Is it not rather ridiculous to suggest that the first men lived between 900 and 1000 years (Gen 5:5)? Is this not obviously inconsistent with known science?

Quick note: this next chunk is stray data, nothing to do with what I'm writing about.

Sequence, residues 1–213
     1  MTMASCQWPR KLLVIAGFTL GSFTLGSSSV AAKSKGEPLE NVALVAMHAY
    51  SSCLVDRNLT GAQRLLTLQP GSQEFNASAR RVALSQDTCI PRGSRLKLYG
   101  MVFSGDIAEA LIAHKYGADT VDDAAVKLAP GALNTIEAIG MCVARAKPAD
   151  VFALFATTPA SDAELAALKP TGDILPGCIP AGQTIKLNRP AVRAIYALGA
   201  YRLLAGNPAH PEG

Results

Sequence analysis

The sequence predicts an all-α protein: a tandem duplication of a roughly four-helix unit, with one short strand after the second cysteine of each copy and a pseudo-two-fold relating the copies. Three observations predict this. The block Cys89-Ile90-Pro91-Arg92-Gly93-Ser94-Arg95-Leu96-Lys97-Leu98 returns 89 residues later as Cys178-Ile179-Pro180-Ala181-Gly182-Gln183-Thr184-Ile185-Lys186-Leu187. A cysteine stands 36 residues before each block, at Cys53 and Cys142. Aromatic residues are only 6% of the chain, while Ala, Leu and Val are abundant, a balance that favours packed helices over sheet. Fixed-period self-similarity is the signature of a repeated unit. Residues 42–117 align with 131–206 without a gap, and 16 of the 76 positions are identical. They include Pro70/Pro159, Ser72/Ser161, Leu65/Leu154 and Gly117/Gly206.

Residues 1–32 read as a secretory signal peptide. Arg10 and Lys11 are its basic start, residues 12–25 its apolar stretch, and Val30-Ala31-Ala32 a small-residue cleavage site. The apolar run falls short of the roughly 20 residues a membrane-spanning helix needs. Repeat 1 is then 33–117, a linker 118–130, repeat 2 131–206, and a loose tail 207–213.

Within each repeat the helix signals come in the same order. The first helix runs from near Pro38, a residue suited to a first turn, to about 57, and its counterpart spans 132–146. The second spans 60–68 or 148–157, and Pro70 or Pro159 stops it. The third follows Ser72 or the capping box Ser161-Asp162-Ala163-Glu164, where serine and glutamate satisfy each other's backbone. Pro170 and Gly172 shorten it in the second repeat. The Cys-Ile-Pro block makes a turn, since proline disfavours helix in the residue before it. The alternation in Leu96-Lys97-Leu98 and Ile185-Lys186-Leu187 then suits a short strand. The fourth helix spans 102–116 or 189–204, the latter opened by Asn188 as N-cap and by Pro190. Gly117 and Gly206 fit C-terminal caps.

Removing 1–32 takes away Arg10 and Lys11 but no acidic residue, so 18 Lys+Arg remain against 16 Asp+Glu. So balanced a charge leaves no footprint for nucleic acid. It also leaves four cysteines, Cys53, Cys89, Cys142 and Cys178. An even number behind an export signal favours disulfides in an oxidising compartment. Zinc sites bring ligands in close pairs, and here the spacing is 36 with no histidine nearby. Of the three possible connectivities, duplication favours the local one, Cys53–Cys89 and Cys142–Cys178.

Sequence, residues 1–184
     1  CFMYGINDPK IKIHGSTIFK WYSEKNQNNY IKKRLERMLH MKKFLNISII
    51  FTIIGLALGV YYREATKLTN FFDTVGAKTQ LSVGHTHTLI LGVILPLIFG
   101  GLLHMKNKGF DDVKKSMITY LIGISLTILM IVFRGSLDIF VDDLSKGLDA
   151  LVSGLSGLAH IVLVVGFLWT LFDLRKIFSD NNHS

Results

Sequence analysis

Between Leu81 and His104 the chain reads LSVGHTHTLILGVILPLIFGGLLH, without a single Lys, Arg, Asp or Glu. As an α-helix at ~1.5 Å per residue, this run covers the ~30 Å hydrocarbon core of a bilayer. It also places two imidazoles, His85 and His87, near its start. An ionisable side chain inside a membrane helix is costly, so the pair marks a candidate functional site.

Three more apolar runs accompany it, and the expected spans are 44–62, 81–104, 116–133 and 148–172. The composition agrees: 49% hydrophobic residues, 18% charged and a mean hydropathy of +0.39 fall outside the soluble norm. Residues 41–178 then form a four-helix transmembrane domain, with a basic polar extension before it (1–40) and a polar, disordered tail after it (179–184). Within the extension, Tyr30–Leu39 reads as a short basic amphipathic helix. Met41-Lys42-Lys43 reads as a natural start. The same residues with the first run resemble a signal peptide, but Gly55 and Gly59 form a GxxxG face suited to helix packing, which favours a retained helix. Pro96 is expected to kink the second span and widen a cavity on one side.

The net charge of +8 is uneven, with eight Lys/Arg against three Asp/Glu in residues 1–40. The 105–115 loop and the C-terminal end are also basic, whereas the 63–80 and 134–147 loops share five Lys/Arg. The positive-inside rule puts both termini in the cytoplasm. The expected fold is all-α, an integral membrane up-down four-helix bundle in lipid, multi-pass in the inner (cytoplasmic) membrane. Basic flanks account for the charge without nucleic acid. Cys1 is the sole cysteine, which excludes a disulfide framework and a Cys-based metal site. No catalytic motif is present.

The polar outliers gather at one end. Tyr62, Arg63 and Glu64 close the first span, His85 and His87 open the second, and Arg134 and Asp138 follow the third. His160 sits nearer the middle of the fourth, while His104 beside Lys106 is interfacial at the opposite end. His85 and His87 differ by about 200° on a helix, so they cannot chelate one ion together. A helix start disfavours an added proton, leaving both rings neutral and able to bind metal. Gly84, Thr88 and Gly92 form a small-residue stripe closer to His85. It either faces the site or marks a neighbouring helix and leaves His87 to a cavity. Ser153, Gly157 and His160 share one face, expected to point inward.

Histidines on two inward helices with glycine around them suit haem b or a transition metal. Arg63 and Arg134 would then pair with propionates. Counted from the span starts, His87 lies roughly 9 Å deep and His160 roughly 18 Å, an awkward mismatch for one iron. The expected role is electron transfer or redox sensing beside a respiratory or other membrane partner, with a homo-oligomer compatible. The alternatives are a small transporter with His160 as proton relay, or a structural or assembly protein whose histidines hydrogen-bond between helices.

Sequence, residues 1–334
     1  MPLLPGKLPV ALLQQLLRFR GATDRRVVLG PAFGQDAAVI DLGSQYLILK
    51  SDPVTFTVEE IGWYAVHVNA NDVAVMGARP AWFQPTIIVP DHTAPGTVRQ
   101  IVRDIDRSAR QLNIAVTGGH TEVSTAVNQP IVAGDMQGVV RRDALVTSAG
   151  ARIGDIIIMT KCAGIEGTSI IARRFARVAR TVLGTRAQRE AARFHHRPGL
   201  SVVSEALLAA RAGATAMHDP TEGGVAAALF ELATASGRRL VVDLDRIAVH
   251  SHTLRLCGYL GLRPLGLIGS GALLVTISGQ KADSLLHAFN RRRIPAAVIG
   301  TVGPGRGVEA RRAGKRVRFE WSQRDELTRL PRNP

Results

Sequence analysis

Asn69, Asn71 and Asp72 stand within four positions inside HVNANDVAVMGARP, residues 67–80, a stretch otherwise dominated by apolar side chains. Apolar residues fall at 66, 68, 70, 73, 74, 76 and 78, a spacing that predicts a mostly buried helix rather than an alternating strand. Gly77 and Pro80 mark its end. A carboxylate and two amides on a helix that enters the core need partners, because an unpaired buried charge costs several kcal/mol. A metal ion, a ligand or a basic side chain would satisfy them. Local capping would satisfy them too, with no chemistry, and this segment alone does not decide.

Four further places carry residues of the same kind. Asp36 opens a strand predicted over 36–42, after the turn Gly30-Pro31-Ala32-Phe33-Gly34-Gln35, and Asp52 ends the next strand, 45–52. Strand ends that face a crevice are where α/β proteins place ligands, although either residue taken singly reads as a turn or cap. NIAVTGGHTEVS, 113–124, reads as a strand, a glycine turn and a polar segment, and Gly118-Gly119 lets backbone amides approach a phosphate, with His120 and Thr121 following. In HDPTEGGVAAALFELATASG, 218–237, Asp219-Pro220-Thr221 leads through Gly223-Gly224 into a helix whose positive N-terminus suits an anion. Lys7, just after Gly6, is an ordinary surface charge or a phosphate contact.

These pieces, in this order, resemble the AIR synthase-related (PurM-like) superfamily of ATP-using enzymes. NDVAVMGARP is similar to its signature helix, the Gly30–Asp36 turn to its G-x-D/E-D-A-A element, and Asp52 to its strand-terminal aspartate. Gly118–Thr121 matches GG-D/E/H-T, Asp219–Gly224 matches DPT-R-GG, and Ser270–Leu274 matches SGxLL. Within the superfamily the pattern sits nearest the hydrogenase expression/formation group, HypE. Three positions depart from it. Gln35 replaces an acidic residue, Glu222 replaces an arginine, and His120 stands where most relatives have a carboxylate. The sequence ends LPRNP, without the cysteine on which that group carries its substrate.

There are several ways to interpret these claims; the question assumes we are to take the claims “literally.” So let us examine this approach. First, I refuse to ignore science insofar as doing so involves ignoring observations and obvious inferences from them. Are there any observations or inferences about organisms that make extreme longevity in early man impossible or unlikely? So it seems; there are no instances of any animals living so long, and while we do not understand the biological cause of aging, we know of no genetic or environmental variations that reliably cause extreme old age. Thus the theory that the Flood changed the environment in some way such as to prevent extreme longevity appears to be ad hoc from a scientific point of view. But, of course, divine intervention allows for anything. So it is entirely possible that early man could live literally 900 years, and God simply changed the rules after the Flood. This is, it seems to me, the best way to support the text rationally. One might instead claim that there is a mythical element in Genesis 1-11, rather than any scientific explanation. This does not prevent much in the way of unreasonable theological commitments, because all the rest of the Bible requires miracles.